Toni Hargis

“Why Don’t You Just Go Home?”

Posted by: Carole on Tuesday October 22, 2013 (16:30:40)   (5726 Reads)
Toni Hargis
No one likes a whiny expat. There are books upon books written for expats relocating to yet another new country, and one of the most common themes is “Don’t criticize”. Australians even coined the term “Whinging Poms”* for the legions of Brits who’d go out there and then complain about everything from the heat to the spiders. Reminds me of an old joke - A Brit had almost saved his fare back to the UK but needed another quid to buy a ticket. He asked an Aussie "Can you give me a quid to get back to the UK?" The Aussie said, "Sure, here's a fiver- take four other whinging Poms back with you."

*Whinging is a word of British origin meaning whining or complaining. The “g” is soft, like a “j”. A Pom is a semi-derogatory name for Brits; the etymology is somewhat vague but this is a great explanation.    more ...

Toni Hargis

Blame It On The Host Country

Posted by: Carole on Tuesday September 17, 2013 (03:47:18)   (3046 Reads)
Toni Summers Hargis
I read a charming post the other day that really got me thinking. Ms. Caroline, who writes the Asia Vu blog had just returned to Seoul after spending the summer in the States. As many of us do (wherever we live) she was having a bit of a moan, and recognized that, like many expats, she was blaming a lot of her woes on her host country. And don’t we? I’ve been in the USA for over twenty years and I still somehow convince myself that many daily problems would instantly disappear if I lived somewhere else.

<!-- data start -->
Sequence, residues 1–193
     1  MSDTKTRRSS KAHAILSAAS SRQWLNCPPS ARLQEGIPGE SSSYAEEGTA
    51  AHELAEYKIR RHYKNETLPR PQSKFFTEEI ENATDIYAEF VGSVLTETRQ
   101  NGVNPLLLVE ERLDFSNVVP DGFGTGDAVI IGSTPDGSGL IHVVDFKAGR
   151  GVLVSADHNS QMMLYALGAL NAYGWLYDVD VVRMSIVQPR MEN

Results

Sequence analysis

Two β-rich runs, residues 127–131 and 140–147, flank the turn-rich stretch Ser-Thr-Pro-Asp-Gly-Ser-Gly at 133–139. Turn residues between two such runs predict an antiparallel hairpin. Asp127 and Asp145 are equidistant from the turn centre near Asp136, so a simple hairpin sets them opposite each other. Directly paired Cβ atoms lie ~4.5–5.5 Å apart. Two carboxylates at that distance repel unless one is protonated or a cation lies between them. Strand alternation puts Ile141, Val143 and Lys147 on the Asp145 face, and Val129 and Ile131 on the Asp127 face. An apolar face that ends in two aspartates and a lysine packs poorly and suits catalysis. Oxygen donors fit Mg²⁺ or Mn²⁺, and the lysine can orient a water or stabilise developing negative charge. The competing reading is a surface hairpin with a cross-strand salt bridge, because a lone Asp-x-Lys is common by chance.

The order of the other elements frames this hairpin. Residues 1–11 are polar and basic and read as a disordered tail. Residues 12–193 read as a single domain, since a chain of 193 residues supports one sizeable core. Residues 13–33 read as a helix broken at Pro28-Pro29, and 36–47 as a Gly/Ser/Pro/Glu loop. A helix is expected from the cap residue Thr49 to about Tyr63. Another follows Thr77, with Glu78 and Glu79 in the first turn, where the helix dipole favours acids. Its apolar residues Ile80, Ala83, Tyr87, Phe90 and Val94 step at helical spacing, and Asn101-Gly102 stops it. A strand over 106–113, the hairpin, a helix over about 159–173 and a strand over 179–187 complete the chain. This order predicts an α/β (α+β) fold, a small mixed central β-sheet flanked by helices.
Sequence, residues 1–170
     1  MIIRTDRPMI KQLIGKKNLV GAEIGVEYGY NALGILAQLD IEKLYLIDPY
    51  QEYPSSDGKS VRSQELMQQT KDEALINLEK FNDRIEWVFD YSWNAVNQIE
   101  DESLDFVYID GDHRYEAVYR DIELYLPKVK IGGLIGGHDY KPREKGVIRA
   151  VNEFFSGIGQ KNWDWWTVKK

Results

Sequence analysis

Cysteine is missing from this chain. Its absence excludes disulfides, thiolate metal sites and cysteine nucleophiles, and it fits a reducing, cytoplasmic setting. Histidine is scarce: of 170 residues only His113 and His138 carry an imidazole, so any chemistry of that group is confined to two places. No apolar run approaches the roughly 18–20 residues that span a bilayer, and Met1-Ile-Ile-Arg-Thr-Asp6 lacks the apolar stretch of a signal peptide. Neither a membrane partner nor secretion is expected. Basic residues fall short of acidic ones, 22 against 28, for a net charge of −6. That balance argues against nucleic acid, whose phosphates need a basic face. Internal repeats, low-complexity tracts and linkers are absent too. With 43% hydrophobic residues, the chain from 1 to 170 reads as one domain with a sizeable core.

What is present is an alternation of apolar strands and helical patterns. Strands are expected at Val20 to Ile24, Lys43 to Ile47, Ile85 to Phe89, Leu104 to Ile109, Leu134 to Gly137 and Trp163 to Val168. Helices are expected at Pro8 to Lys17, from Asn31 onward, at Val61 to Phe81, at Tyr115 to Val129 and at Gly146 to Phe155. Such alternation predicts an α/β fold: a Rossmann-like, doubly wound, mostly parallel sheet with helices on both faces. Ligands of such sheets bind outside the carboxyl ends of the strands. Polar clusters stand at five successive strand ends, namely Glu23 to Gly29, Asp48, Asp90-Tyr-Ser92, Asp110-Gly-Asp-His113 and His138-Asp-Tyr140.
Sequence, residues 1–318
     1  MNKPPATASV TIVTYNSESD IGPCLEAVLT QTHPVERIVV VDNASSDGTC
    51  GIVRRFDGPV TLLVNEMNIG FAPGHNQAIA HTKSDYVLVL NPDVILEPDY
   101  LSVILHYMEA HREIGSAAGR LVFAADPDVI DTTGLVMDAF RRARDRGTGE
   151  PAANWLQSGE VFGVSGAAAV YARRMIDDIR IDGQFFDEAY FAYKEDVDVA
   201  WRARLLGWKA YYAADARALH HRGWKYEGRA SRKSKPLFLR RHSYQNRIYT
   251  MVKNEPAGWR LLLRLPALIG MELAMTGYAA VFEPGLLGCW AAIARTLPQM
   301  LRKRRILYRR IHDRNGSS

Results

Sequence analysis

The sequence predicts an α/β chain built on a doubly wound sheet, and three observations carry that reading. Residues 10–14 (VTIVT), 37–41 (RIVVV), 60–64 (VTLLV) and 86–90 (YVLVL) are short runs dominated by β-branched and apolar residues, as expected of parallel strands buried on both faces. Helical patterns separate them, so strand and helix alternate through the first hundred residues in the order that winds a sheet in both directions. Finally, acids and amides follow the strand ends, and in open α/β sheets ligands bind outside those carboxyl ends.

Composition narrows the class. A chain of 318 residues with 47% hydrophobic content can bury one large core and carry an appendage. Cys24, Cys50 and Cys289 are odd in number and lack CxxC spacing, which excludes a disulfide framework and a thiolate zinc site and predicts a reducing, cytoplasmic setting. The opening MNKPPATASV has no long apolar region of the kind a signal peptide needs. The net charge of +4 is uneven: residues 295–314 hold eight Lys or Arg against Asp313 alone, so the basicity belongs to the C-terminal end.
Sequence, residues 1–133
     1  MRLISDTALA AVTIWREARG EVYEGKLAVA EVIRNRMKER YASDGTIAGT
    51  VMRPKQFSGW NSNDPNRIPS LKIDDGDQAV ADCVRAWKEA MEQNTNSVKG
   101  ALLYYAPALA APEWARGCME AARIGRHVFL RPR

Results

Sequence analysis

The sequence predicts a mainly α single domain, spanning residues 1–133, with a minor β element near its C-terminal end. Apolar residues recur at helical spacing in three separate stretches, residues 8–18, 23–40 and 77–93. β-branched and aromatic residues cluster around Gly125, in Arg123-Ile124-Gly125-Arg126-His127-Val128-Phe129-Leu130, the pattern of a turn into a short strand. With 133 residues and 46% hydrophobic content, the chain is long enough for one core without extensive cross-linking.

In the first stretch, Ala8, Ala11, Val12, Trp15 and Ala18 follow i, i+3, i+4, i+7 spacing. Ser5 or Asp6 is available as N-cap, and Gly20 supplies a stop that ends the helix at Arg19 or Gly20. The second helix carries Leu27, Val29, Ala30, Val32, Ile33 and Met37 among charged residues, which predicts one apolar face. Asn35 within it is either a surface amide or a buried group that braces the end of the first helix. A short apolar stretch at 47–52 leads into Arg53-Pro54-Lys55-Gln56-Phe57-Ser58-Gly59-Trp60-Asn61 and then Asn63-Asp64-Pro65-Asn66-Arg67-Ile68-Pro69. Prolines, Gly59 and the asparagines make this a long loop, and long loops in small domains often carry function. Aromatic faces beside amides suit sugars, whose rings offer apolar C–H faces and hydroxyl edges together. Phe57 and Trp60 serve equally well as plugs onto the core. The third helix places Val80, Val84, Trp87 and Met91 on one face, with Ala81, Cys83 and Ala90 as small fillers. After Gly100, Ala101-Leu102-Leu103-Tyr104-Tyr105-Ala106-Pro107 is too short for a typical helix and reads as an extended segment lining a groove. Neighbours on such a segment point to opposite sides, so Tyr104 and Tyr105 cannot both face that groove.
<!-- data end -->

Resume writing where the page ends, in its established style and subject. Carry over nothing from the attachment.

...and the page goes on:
Jennifer Howze, blogger and co-founder of BritMums, is an American in London. “I know this syndrome. Usually it manifests in me thinking that life was so AWESOME back wherever I used to live. I never got stuck in traffic there! There's always loads of parking there! It's easy to find a hardware shop that carries that particular thing I need!    more ...

Toni Hargis

Helping International Students Study In The States